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Commonly Used Afrikaans Adjectives

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Afrikaans, a West Germanic language spoken in South Africa and Namibia, has its roots in 17th-century Dutch. Learning Afrikaans can be exciting, and adjectives are a crucial part of daily conversations. Here are some of the most commonly used Afrikaans adjectives, with definitions and examples to help you use them in context.

Mooi – Beautiful or nice
This adjective is used to describe something or someone that is pleasing to the eye or nice in general.
Die sonsondergang is baie mooi. (The sunset is very beautiful.)

Groot – Big or large
“Groot” denotes the size of an object or the extent of an area.
Die olifant is ‘n groot dier. (The elephant is a big animal.)

Klein – Small or little
The opposite of “groot,” this word is used when referring to something of minimal size or stature.
Die kindjie het klein handjies. (The child has small hands.)

Jong – Young
This adjective describes someone who is in the early stages of life or something that is new or recent.
Sy is nog te jonk om skool toe te gaan. (She is still too young to go to school.)

Oud – Old
Used to talk about something or someone that has existed for a long time or is advanced in years.
My ouma is 80 jaar oud. (My grandmother is 80 years old.)

Goed – Good
This word is used to indicate a positive quality, virtue, or well-executed task.
Hy het ‘n goed hart. (He has a good heart.)

Sleg – Bad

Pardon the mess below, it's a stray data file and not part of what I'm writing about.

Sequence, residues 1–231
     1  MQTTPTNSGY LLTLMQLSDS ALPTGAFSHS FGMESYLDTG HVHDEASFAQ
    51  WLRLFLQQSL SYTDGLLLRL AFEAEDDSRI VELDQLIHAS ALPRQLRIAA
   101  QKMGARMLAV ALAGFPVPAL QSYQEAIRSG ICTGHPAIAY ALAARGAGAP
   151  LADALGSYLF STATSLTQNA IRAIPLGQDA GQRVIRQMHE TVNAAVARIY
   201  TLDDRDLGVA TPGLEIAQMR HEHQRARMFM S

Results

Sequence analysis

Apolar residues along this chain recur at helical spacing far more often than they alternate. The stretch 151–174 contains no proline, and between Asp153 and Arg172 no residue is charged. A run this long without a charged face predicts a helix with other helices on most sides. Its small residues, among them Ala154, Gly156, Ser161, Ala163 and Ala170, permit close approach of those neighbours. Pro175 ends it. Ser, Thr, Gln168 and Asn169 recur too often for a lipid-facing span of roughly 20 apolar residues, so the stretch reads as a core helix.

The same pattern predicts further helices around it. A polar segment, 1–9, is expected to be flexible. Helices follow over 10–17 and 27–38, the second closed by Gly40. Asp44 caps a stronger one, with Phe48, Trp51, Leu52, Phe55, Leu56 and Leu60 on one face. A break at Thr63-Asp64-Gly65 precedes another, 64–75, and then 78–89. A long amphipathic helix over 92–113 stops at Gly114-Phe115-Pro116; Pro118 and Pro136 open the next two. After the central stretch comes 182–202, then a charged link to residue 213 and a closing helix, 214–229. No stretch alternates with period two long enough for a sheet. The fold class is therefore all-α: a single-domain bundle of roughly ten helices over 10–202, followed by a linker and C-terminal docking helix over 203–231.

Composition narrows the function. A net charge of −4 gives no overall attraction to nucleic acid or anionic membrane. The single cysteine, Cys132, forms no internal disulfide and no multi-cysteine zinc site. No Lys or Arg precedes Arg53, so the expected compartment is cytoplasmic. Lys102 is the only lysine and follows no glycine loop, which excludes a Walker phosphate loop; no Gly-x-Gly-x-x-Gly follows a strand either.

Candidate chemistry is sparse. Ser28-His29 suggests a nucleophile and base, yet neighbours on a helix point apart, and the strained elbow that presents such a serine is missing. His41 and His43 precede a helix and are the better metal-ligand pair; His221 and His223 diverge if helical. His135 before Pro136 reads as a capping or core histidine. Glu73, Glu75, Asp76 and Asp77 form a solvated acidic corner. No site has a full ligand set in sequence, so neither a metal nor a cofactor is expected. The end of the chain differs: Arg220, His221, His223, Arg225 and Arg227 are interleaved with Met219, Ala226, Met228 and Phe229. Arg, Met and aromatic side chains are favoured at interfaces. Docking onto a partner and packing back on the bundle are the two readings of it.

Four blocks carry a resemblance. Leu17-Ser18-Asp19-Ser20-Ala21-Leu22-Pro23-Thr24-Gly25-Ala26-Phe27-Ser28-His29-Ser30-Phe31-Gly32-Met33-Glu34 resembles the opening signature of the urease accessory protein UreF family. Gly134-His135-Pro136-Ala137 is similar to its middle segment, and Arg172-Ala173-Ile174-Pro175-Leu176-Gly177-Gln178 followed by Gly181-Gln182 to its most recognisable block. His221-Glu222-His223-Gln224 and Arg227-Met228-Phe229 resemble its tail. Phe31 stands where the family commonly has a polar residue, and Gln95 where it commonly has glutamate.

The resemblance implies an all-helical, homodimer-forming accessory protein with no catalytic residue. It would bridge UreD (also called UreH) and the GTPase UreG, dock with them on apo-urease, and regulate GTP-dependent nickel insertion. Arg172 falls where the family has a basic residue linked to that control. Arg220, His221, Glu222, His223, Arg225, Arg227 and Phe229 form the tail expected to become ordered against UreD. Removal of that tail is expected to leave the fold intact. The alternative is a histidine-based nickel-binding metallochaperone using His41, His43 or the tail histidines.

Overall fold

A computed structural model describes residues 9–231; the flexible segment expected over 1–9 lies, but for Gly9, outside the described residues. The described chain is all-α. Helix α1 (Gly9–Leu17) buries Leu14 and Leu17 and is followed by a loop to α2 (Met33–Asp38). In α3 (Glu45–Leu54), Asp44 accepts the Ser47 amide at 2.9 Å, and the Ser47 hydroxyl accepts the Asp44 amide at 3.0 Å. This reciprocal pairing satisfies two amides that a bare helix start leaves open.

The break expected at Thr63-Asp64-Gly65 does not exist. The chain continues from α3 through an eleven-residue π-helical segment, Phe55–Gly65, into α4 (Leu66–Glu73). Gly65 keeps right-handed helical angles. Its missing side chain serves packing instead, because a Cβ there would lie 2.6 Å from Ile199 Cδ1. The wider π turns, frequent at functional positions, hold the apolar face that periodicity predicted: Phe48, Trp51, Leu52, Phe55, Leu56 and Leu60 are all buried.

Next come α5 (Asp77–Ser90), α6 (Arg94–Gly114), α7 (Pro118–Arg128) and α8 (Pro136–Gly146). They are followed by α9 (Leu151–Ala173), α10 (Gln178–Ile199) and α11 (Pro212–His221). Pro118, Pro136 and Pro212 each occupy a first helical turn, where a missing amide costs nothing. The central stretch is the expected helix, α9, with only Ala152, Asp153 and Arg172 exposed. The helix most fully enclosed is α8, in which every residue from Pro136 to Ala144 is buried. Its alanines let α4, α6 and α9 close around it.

“Sleg” refers to something not favorable, undesirable or of poor quality.
Rook is sleg vir jou gesondheid. (Smoking is bad for your health.)

Warm – Warm or hot
Often used to describe the temperature of objects, the weather, or even metaphorically to describe emotions.
Die water is lekker warm. (The water is pleasantly warm.)

Koud – Cold
The direct antonym of “warm,” it is used when referring to lower temperatures.
Die ys is baie koud. (The ice is very cold.)

Besig – Busy or occupied
This adjective is used when a person is actively engaged in an activity or when a place is bustling.
Die restaurant was besig gisteraand. (The restaurant was busy last night.)

Lui – Lazy
“Lui” is attributed to individuals or animals that show a lack of effort or are disinclined to activity.
Die hond lê heeldag omdat hy lui is. (The dog lies all day because he is lazy.)

Stil – Quiet or still
Used when there is a lack of noise, movement, or activity.
Die klas is stil terwyl die onderwyser praat. (The class is quiet while the teacher is speaking.)

Duur – Expensive
This describes something that has a high price or requires a significant amount of resources.
Hierdie horlosie is baie duur. (This watch is very expensive.)

Goedkoop – Cheap
The opposite of “duur,” it refers to items that are low in cost or reasonably priced.
Ons het goedkoop kaartjies vir die konsert gekry. (We got cheap tickets for the concert.)

Gelukkig – Happy or fortunate
An adjective expressing a positive emotional state or good fortune.
Sy is baie gelukkig by haar nuwe werk. (She is very happy at her new job.)

Hartseer – Sad
Used when describing a sense of sorrow or unhappiness.
Na die fliek was almal hartseer. (After the movie, everyone was sad.)

Bang – Scared or frightened
This word is used when someone is feeling fear or apprehension.
Die kinders is bang vir die donderstorm. (The children are scared of the thunderstorm.)

Learning Afrikaans adjectives and understanding their correct usage is essential for building vocabulary and enhancing your communication skills. Moreover, they help to add detail and depth to conversations, making interactions more colorful and expressive. Whether you are a beginner or looking to improve your Afrikaans, incorporating these adjectives in your daily language practice can greatly improve your fluency.

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